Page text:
As cyclist the word “Roubaix” conjures up something very special.
Roubaix means toughness. Roubaix means the cold crosswinds of Northern France in April. Roubaix means cobbles, suffering and greatness.
When Cochrane, Alberta resident Dan Richter named is tiny bike shop above an ice cream parlour one would assume that he had the imagery of the hard men of the peloton doing battle across the cobbles of Northern France in mind when he named his shop Café Roubaix Bicycle Studio.
Coffee and cobbles, what cyclist doesn’t like those wonderful things?
Local Bike Shop owners are a special breed. They sponsor events, offer wisdom and their shops serve as the hubs for any local cycling scene. An Afghanistan war veteran, Dan Richter poured everything he had into Café Roubaix. He left the service after suffering PTSD and put his life savings and his settlement from the military into his shop to get it off the ground.
Now it seems that after fighting in Afghanistan Dan Richter has another battle on his hands, this time with a corporate giant of the cycling world.
As cyclists we know that Roubaix is the finish town for the greatest one-day bike race in the world, Paris-Roubaix. Year after year we have watched cyclists enter the Roubaix Velodrome to finish their epic battles through l’enfer du nord. Roubaix holds a special place in a cyclist’s heart.
But apparently, we can’t claim ownership to that.
No, that honour goes to Specialized Bicycle Corporation who trademarked the word Roubaix for the Specialized Roubaix road bike.
Apparently you can trademark a towns’ name. Who knew?
It would be rare that anyone would want to name their business after an existing brand. In this case, Dan Richter named his shop because of the romance cyclists have with that region of France.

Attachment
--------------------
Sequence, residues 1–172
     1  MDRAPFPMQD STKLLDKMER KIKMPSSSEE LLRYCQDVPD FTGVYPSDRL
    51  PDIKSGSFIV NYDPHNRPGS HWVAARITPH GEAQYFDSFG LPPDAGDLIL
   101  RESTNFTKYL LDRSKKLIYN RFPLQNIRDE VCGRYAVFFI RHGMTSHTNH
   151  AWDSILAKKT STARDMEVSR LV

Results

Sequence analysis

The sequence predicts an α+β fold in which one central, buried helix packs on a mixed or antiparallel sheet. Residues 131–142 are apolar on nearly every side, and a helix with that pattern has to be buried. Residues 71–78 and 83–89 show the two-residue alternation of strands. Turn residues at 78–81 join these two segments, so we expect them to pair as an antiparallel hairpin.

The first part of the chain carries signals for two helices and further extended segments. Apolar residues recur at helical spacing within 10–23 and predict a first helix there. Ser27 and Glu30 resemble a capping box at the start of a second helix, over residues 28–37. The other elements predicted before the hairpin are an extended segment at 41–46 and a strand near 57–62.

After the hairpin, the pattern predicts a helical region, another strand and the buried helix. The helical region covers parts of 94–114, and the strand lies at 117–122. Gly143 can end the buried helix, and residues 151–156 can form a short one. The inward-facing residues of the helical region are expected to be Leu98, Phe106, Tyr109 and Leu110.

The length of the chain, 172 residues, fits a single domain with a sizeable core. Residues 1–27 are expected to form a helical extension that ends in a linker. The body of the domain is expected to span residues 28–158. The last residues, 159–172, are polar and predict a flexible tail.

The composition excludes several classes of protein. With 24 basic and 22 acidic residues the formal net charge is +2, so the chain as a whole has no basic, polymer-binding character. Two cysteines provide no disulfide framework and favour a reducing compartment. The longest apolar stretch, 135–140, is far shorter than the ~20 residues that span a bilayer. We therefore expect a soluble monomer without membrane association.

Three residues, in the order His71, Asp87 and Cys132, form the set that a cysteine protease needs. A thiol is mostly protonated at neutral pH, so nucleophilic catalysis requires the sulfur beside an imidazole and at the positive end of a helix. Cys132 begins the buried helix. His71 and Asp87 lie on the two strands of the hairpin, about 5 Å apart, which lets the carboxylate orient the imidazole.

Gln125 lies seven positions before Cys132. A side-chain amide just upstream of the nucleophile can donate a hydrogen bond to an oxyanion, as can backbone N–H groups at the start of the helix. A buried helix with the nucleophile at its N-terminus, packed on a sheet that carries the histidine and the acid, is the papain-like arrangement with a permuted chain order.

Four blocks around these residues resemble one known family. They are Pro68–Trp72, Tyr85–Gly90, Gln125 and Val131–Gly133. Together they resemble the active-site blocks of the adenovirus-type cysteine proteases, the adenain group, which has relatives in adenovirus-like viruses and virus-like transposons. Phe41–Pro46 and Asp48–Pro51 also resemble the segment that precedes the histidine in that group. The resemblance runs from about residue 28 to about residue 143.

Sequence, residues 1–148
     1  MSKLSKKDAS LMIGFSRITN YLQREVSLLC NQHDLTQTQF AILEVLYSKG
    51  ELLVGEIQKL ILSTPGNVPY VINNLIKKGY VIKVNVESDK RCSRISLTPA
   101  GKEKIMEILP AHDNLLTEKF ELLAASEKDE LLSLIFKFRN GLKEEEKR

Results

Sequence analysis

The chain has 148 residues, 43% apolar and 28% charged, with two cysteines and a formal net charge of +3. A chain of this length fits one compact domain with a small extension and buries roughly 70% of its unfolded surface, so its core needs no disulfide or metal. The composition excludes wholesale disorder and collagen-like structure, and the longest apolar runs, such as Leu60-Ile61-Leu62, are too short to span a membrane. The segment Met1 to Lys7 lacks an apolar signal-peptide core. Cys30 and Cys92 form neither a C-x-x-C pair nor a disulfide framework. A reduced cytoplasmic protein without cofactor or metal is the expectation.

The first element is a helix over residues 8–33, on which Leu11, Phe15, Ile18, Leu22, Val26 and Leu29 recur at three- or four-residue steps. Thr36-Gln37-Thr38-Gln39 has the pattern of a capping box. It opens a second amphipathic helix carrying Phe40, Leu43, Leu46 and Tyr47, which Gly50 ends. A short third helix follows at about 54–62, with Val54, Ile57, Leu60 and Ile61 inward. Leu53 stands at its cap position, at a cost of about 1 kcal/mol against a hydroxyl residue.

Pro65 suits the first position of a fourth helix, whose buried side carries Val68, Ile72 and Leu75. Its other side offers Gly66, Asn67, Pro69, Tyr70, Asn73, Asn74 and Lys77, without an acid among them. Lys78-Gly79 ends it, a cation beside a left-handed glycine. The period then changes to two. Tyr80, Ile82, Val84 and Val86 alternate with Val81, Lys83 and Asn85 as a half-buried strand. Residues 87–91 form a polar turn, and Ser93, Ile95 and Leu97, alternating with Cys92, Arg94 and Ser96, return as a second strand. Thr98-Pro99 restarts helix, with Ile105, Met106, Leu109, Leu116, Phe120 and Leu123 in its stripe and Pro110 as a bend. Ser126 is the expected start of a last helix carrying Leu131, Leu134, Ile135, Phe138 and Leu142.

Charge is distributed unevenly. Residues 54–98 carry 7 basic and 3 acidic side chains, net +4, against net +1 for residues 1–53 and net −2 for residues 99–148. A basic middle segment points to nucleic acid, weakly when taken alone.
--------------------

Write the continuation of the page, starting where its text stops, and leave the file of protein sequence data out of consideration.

The name Roubaix also exists on other bike related products and nonetheless, Richter has been receiving threats of legal action from Specialized. According to legal analysts, this is a battle Richter can easily win but unlike Specialized, he does not have the estimated $150,000 to take this to court and Richter may be in the position where he must change the name of his business. This by the way will cost him far more than simply putting a new sign in the window.
Yesterday something pretty incredible happened. The Calgary Herald reported Richter’s’ plight and it spread across social media like wildfire.
I tweeted the Calgary Herald article and then watched it go viral across my social networks. People were seeing this as corporate bullying at its’ worst. We all understand that companies trademark their product to protect their brand as they have the right to. But I don’t think anybody who walks into Café Roubaix Bicycle Studio would do so thinking of the Specialized Roubaix.
A trip to Café Roubaix would be where we would meet people with the same fascination for this beautiful, unique event that we all wait for each spring. It would be where we could talk about bikes and bike racing and spend money on the stuff we love.
On Twitter and Facebook and Instagram others with a love of Roubaix weighed in on the situation and sentiment was unanimous. This was a big corporation bullying the little guy and that was simply not acceptable. And in the process of these thousands and thousands of posts something amazing started to happen: people started taking Roubaix back.
The Specialized Roubaix is a bicycle. Roubaix, however is something much larger and the cycling community is taking Roubaix back.
Roubaix belongs to everyone who’s ever dreamed of riding across the cobbles of the North. Roubaix belongs to those of us who go to work on a Monday morning in April still filled with the excitement of yesterdays’ race but unable to share it with coworkers because they simply wouldn’t “get it”.
Since yesterday there has been no response from Specialized. Perhaps they are a company that sees social media engagement as a Monday to Friday option. If so, this weekend they will have learned that this is not the case. The Specialized social media team is going to have quite a Monday morning on their hands.
A tactic meant to protect the Specialized brand has failed miserably. But Specialized aren’t the only losers in this mess.
There’s Dan Richter who is in the position of changing his shops’ name if Specialized hold their line. There are also the thousands of local bike shop owners who carry the Specialized brand who are in the position of having their livelihood depend on a brand that is now perceived as a bully.
It will be interesting to see what Mike Sinyard and his team at Specialized do on Monday morning. There are a lot of variables in play right now but one thing is for certain.
Roubaix belongs to all of us.
See the original Calgary Herald article here: